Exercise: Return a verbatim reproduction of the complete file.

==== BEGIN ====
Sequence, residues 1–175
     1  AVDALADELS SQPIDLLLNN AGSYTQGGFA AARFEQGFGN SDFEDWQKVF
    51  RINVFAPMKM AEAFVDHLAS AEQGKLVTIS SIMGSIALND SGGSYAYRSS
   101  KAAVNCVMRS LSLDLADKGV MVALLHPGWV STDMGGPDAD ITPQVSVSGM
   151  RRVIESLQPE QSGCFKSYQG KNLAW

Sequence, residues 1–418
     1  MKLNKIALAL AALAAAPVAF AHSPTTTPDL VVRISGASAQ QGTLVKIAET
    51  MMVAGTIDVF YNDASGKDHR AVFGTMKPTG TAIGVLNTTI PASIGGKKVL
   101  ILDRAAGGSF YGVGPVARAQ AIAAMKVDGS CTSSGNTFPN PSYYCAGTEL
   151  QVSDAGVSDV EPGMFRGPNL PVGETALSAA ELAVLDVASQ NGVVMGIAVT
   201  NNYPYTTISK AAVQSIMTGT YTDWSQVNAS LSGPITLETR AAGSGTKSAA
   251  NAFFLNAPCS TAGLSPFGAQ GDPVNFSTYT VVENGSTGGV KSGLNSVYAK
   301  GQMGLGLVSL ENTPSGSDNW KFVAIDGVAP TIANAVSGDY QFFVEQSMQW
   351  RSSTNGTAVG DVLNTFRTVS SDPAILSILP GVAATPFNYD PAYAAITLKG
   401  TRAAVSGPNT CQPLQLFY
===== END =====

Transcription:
Sequence, residues 1–175
     1  AVDALADELS SQPIDLLLNN AGSYTQGGFA AARFEQGFGN SDFEDWQKVF
    51  RINVFAPMKM AEAFVDHLAS AEQGKLVTIS SIMGSIALND SGGSYAYRSS
   101  KAAVNCVMRS LSLDLADKGV MVALLHPGWV STDMGGPDAD ITPQVSVSGM
   151  RRVIESLQPE QSGCFKSYQG KNLAW

Sequence, residues 1–418
     1  MKLNKIALAL AALAAAPVAF AHSPTTTPDL VVRISGASAQ QGTLVKIAET
    51  MMVAGTIDVF YNDASGKDHR AVFGTMKPTG TAIGVLNTTI PASIGGKKVL
   101  ILDRAAGGSF YGVGPVARAQ AIAAMKVDGS CTSSGNTFPN PSYYCAGTEL
   151  QVSDAGVSDV EPGMFRGPNL PVGETALSAA ELAVLDVASQ NGVVMGIAVT
   201  NNYPYTTISK AAVQSIMTGT YTDWSQVNAS LSGPITLETR AAGSGTKSAA
   251  NAFFLNAPCS TAGLSPFGAQ GDPVNFSTYT VVENGSTGGV KSGLNSVYAK
   301  GQMGLGLVSL ENTPSGSDNW KFVAIDGVAP TIANAVSGDY QFFVEQSMQW
   351  RSSTNGTAVG DVLNTFRTVS SDPAILSILP GVAATPFNYD PAYAAITLKG
   401  TRAAVSGPNT CQPLQLFY